Brief Analysis: Coal in China and the Current Economic State

The year 2015, China saw a significant drop in the use of coal.  The same drops appeared in other energy sectors including oil and gas. A contributing factor to this decline is of course the current indolent economy China is experiencing due to overproduction and reduced demand for construction. Additionally, a shift in the central government has current administrators setting their sights on cleaner energy sources like wind, hydro, solar, and nuclear. As set forth in the Paris Agreement of 2015, President Xi Jinping promised seemingly remarkable reforms regarding China air pollution, guaranteeing a greener economy, and to hit peak CO2 emissions before 2030.

On the industrial side, demand exists for the construction of 210 new coal plants to be built across the country; the demand coming from provinces that have been hit hardest during this most recent economic decline.  There is large resistance within the government to these new plants, as these plants will make it more difficult to reach Xi Jinping ‘s 2030 objective. A fundamental shift in industrial infrastructure however, comes at a cost. Consideration must be made towards the millions of people who work and live in communities where existing coal plants and coal fired power plants operate, as these local economies are driven by the coal industry. There is a difficult balance between sustaining jobs in the energy sector while attempting to shift to newer cost and environmentally efficient forms of energy.

Due to this and other factors, it is safe to say that coal will not be replaced easily. Although current stats show that coal use has hit a peak (Figure 1), China is still the world’s largest consumer of coal.

The economy grew rapidly in China from 2002 – 2012. This was due to an exploding steel, cement and aluminium market. By the end of that decade, China was burning almost as much coal as the rest of the world combined. Half of this fuel was used in generating electricity, while the other half was used directly by the aforementioned industries. 2013/14 saw a leveling off of these numbers and by 2015, the coal consumption began its decline. The industrial sector ceased production rates it had enjoyed in previous years, and now faces the even larger threat of overcapacity. 2016 is projected to see a continuation of slowing growth, as the smoke stack industries and cement markets correct themselves. The move toward cleaner energy is inevitable, as construction of nuclear power plants, wind farms, solar panels and hydro-electric dams continue.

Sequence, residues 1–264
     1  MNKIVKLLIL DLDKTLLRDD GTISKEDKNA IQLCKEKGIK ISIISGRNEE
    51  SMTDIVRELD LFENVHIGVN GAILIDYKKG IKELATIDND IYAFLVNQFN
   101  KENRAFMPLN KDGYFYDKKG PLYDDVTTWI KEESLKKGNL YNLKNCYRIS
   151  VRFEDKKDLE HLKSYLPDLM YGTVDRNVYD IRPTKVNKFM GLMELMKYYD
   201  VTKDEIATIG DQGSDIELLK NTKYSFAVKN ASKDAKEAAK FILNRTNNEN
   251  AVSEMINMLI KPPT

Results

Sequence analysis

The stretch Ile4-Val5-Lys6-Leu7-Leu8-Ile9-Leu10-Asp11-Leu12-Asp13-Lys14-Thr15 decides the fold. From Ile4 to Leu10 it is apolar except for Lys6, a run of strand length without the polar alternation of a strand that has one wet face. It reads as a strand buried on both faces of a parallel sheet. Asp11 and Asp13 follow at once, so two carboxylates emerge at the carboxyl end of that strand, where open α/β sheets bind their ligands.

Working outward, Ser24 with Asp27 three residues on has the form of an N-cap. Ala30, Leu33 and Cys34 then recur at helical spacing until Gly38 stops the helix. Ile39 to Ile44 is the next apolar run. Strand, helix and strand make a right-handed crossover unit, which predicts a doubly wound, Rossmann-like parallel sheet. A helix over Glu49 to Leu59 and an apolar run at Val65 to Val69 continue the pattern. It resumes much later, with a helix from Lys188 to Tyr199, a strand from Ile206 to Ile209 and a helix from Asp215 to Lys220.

As china moves away from being reliant on heavy industry and into services, becoming more developed, electrical demands of future years could very well be met by hydro, nuclear, solar or wind energy sources. For now, stabilizing the marketplace and making the transition away from being a population heavily dependent on the coal infrastructure left over from the 2002-2012 boom seems to be the consensus.

Smokestack Industries in China Face Serious Problems

Gansu, Northern China

Due to overcapacity and slowing demand throughout China’s core building materials industries, regulators have been under pressure to cut power prices. Bloomberg News reports that in some regions, the rates were expected to decrease by 0.03 yuan per kilowatt-hour. This small reduction represents significant savings to aluminum, cement and steel-manufacturing companies, whose power usage represents over 40% of production costs.

Regulators assert this reduction comes at a justifiable time, since coal prices have also decreased significantly over the past year. This reform could potentially help relieve stress from some crucial industries and keep some doors from closing. The move has already been made in Gansu province, whose state-owned Liancheng smelter is currently receiving decreased power prices. 

What appears to be a welcomed relief to smokestack industries may also have dire repercussions. Due to overcapacity, companies are attempting to pass their savings on to the buyers by lowering aluminum prices. The reduction will bring down aluminum prices to a six-year low at just under 8,900 yuan per ton. The fear now is that this new policy will undermine current energy/environmental policies that encourage energy conservation. 

Aluminum, steel and cement are the most power hungry industries in China and therefore are the main users of high polluting coal; the cause of the country’s CO2 emissions and air/water pollution. China has been discouraging the expansion of these industries as far back as 2004 with power pricing differentiation. These did little to dissuade investment from these industries. Since the four trillion yuan stimulus program of 2009, China’s smelters are operating at a loss. Ninety percent of aluminum smelters have excess inventory and are unable to support their current capacity. Cement and steel industries are at similar annual losses; production for cement dropped 4.6% while crude steel dropped 2.2% (The National Bureau of Statistics). 

A combination of regulatory, market and environmental policy reformation is necessary to address this issue. Even with a lack of carbon tax, a surplus of coal and industrial overcapacity, the power price cuts seem likely to continue.